By Bryan Watts
Eastern black rails were listed as Threatened under the Endangered Species Act on 8 October 2020 and are listed as endangered in six states along the Atlantic Coast (Connecticut, New York, New Jersey, Delaware, Maryland, Virginia). The secretive nature of black rails, the difficulty in locating nests and their inconsistent appearance from year to year has resulted in a great deal of uncertainty about breeding status across their migratory range. Without confirmation of nesting, many observers have assumed that calling birds represent transients on their way to breeding grounds or extralimital, unmated males. The uncertainty is exacerbated by the fact that calling rates are highest in the pre-nesting period and decline as nesting is initiated. The confusion is deepened by the fact that males have significantly higher calling and response rates than females and that they utilize different call repertoires. This pattern of high detections early in the spring followed by fewer detections later in the spring has understandably led to a perception that early birds are not remaining to breed. Reducing this uncertainty is clearly important for clarifying the breeding range and interpreting historic detections.
The delineation of the breeding season for eastern black rails in relation to the spring and fall migratory periods is the focus of a recent paper published in The Wilson Journal of Ornithology:
Breeding Phenology of the eastern Black Rail (Laterallus jamaicensis)
This study used historic records to evaluate the phenology of breeding and migratory periods in order to evaluate overlaps and exclusive periods that may be helpful in assigning breeding periods. Definitive breeding records (147 egg records, 23 brood records) were compiled from the literature, museum specimens and other sources over a 170-year period (1836-2016) to assess breeding phenology. In addition to breeding, records of “presumed migrants” were also compiled. Presumed migrants were individuals that flew into radio towers, lighthouses and tall buildings or were recovered from locations or structures known not to support breeding such as inner cities, ships at sea or offshore islands.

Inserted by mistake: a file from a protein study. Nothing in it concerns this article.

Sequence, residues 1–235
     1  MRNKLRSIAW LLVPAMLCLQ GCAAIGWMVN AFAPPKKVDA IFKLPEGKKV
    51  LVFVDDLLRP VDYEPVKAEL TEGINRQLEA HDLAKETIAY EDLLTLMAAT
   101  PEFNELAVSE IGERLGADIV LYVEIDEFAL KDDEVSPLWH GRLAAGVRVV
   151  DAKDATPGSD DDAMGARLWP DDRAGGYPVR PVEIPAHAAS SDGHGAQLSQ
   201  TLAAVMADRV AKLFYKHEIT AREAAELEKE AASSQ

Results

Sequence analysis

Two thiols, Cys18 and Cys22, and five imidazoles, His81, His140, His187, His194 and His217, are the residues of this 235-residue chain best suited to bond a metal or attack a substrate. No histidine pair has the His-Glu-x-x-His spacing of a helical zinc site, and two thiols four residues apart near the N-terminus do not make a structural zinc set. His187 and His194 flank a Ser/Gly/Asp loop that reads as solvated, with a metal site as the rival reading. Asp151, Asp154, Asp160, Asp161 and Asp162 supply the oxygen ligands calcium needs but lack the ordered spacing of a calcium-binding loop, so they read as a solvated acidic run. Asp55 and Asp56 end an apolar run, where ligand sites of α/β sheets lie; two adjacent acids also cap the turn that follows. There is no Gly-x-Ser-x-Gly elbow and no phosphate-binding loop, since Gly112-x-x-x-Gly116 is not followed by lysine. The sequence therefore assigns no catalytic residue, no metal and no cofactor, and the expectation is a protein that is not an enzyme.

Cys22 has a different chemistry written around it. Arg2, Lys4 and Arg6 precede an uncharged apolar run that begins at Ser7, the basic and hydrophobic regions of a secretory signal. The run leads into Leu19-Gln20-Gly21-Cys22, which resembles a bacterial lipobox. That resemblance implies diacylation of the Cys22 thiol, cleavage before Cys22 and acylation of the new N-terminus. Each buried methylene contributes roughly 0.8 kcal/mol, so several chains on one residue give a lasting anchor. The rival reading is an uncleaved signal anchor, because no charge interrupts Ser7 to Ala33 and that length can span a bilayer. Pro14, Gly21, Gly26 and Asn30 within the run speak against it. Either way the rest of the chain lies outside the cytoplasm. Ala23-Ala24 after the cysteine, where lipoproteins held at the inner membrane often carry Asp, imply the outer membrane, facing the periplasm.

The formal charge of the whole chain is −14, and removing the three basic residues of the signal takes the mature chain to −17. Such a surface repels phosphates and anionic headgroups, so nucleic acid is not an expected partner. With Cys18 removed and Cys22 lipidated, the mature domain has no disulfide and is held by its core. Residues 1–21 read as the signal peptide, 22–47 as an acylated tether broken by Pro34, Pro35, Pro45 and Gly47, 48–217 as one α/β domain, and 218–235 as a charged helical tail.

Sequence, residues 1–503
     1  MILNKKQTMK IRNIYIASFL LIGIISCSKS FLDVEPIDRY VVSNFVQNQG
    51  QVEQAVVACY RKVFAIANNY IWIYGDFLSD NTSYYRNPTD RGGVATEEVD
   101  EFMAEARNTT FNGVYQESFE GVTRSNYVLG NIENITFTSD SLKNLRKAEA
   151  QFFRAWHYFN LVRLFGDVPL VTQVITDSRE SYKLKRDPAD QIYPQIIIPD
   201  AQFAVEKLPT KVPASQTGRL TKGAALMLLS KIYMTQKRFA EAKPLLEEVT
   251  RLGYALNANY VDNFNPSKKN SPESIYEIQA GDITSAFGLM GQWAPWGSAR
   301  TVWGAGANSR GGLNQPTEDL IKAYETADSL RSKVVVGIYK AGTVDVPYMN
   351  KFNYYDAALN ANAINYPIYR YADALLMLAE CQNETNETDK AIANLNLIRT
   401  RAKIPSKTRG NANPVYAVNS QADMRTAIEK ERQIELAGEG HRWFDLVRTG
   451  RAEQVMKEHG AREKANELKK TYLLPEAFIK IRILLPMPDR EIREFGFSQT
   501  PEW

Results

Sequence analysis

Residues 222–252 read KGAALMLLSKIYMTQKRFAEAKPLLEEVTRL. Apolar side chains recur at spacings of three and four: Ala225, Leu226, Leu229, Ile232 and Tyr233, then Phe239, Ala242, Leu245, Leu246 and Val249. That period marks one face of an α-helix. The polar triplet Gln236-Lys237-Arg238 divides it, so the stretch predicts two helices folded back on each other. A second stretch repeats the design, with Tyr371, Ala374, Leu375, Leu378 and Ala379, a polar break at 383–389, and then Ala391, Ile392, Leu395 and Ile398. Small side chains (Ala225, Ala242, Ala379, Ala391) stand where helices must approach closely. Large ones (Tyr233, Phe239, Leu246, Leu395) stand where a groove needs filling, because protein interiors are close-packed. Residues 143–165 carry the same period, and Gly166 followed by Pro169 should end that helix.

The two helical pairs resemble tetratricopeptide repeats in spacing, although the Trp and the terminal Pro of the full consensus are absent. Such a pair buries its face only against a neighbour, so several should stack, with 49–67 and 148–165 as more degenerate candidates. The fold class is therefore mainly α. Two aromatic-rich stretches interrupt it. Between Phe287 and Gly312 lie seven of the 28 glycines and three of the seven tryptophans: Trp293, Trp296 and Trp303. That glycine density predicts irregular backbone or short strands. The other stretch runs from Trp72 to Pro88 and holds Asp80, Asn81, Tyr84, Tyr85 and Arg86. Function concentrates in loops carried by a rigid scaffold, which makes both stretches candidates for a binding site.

Nesting in eastern black rails extends for three months from mid-May through mid-August. Eggs have been recorded between 3 May and 15 August with a mean date of 20 June ± 18.5 days (mean ± standard deviation). Eighty-five percent of all clutches discovered were recorded during June and July. Adults with broods have been observed between 11 May and 22 August with a mean date of 26 June ± 26.8 days. Both migratory periods extended for two months. Seasons ran from mid-March through mid-May and early September through early November for spring and fall, respectively. Presumed migrants were recorded from early March through early May during spring and from early September through early November during fall, with mean dates of 15 April ± 22.9 days and 4 October ± 15.8 days, respectively. Breeding observations and records of presumed spring migrants overlapped during the first two weeks of May. The overlap includes only 2.4% of breeding records. There was no overlap between records of presumed fall migrants and the breeding season.
The vast majority of calling records of black rails from within northern latitudes where confusion about breeding status has been most pronounced have been after mid-May. Since spring migration is concluded during early May, these records are likely from birds that have reached breeding territories. There continues to be a general need to determine the residency status of birds across the migratory range using techniques that are independent of calling rates since birds appear to enter a “quiet” period as nesting begins.